I-Team: ‘I’m listening;’ Norfolk Southern CEO speaks nearly 6 months after East Palestine derailment

SPRINGFIELD — Thursday will mark six months since the toxic train derailment in East Palestine.

Norfolk Southern’s Chief Executive Officer, Alan Shaw, was in Ohio this weekend, checking on the cleanup.

News Center 7′s I-Team spoke to Shaw about how both derailments in Springfield and East Palestine have put new attention on safety reform for the company and the entire rail industry.

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Six months after the toxic derailment, Shaw said the cost of cleaning up East Palestine for his company has reached north of $800 million.

“Norfolk Southern is a safe railroad. Now, last year, our number of derailments was the lowest in two decades, and we can do better,” Shaw said.

In the wake of the disaster, Shaw said the company put in place a new six-point safety plan.

“We’ve been fully cooperating with the (National Transportation Safety Board) throughout this whole process, and I fully support their investigation. And we are going to learn from this.” Shaw said.

Another issue — long trains blocking crossings in the Miami Valley and across Ohio.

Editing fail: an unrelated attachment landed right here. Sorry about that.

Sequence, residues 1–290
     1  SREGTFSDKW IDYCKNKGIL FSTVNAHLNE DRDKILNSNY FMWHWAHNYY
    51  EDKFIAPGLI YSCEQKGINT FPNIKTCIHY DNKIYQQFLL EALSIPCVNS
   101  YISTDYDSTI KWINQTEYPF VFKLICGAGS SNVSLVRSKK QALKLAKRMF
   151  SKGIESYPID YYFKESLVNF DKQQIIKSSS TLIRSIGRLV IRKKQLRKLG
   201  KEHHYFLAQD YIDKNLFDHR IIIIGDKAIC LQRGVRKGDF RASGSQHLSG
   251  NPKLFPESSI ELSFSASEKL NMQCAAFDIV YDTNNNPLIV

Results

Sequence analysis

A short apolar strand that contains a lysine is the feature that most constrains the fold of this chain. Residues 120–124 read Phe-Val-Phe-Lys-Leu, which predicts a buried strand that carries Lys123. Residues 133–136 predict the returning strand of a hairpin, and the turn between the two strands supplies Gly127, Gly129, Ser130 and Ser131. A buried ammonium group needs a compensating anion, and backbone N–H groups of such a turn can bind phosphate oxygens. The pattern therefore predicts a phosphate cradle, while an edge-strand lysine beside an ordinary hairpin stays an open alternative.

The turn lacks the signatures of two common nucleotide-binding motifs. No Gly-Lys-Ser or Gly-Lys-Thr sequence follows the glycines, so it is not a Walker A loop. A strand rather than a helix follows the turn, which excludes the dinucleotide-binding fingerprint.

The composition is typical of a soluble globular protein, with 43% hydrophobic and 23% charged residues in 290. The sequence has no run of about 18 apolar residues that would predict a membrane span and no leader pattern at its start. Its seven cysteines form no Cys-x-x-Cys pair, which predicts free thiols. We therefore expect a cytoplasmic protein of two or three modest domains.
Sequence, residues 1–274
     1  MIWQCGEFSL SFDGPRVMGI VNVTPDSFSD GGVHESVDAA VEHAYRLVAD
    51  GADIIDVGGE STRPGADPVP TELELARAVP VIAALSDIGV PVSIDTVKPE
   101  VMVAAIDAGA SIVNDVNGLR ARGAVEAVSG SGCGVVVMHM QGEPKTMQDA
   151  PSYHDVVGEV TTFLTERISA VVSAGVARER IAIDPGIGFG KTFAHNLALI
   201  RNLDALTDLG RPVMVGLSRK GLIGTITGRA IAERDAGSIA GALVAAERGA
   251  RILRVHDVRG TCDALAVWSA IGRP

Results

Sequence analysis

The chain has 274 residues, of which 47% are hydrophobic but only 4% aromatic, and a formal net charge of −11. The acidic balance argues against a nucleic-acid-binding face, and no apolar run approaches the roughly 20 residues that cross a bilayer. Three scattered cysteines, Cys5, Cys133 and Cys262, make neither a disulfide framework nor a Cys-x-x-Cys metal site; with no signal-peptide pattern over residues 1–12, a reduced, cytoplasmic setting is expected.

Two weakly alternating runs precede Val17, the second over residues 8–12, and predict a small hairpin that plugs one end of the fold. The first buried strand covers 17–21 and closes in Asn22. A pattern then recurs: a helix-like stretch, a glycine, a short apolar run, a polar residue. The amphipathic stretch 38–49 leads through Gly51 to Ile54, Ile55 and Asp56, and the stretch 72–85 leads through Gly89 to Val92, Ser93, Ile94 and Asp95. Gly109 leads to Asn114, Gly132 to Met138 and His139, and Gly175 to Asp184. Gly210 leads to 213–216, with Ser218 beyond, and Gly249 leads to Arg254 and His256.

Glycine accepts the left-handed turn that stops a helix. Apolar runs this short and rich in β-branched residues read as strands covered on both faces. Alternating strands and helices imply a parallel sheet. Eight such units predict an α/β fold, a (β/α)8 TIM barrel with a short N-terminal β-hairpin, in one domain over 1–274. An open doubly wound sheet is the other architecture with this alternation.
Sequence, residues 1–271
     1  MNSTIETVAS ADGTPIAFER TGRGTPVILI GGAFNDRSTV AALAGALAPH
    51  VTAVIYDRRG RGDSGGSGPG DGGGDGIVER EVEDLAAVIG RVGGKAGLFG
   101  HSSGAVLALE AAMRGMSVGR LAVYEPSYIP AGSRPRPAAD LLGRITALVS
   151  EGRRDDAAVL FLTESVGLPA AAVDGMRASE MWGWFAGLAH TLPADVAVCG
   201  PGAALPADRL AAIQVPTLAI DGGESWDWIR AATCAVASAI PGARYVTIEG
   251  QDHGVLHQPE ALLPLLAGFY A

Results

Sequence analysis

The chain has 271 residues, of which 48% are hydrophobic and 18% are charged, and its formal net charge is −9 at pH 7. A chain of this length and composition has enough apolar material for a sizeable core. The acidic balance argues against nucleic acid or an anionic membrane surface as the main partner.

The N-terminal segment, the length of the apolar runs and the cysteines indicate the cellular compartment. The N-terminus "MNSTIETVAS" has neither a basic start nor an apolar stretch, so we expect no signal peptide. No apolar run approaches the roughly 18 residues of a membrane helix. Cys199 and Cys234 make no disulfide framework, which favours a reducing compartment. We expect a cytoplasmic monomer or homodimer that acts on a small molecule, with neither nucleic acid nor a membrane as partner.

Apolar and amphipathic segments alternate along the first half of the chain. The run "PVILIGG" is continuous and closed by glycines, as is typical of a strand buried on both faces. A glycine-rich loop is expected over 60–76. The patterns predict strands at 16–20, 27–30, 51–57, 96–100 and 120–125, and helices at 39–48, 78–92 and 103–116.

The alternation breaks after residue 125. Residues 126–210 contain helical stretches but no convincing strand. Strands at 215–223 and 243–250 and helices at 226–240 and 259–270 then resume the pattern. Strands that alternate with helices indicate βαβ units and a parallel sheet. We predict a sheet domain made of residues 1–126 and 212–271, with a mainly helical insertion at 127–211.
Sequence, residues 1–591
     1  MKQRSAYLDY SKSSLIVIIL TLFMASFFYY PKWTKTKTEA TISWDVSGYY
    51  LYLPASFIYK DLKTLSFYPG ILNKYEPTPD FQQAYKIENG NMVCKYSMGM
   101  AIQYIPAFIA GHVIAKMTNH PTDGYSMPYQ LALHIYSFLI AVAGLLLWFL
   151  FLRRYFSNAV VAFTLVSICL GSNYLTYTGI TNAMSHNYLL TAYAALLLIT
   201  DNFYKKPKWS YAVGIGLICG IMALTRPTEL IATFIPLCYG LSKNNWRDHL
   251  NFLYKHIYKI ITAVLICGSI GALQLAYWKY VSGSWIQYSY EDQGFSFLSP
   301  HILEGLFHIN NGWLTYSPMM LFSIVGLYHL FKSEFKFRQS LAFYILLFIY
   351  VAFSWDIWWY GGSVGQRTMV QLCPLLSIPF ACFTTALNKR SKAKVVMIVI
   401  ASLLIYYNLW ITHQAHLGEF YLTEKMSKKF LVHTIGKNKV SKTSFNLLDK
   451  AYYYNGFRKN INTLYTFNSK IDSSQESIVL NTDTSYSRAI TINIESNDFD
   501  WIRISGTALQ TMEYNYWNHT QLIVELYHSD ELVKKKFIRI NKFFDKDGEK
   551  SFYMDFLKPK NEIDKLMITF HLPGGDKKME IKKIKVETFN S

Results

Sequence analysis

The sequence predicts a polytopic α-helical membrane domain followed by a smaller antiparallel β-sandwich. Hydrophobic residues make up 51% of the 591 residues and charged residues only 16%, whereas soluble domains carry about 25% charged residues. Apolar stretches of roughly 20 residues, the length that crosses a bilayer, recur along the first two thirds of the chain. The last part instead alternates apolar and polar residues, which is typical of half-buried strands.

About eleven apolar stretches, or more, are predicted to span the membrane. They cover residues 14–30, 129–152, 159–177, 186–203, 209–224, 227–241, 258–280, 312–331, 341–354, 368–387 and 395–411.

In all, people across the state reported more than 3,500 blocked railroad crossings in 2022, ranking Ohio second in the nation.

Shaw said Norfolk Southern is working with the federal government to get grants that would fix these problems.

“We fully understand the inconvenience and the problems that blocked crossings have to the communities we serve,” Shaw said.

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Ohio U.S. senators are pushing for changes with the bipartisan Railway Safety Act.

Sherrod Brown and J.D. Vance said they are getting close to the 60 votes they need to pass the bill out of the Senate.

“We can add some common sense safety inspections and rail security measures to our rail system. And I think if we do, we’re going to be a lot better off as a country,” Vance said.

“This bill should have passed quickly, but the railroads have their way with far too many members of Congress,” Brown said. “We’re going to beat back that lobby. I’m hopeful we do it in September, send the bill to the House and get it passed.”

I-Team asked Shaw to respond to that criticism from Senator Brown, and others, who say the rail industry has resisted safety changes from lawmakers over the years — saying their lobbyists are too powerful and that the industry isn’t listening.

“I’m listening. I’ve been on the Hill. I’ve been engaged with lawmakers from both sides of the aisle on offering my full-throated endorsement for many of the provisions in the various railway safety bills.” Shaw said.

Shaw was in East Palestine this weekend checking on the cleanup.

He said there’s no strict timeline for when the work will be finished, but says Norfolk Southern is working closely with state and federal government agencies involved to make sure it’s done right.

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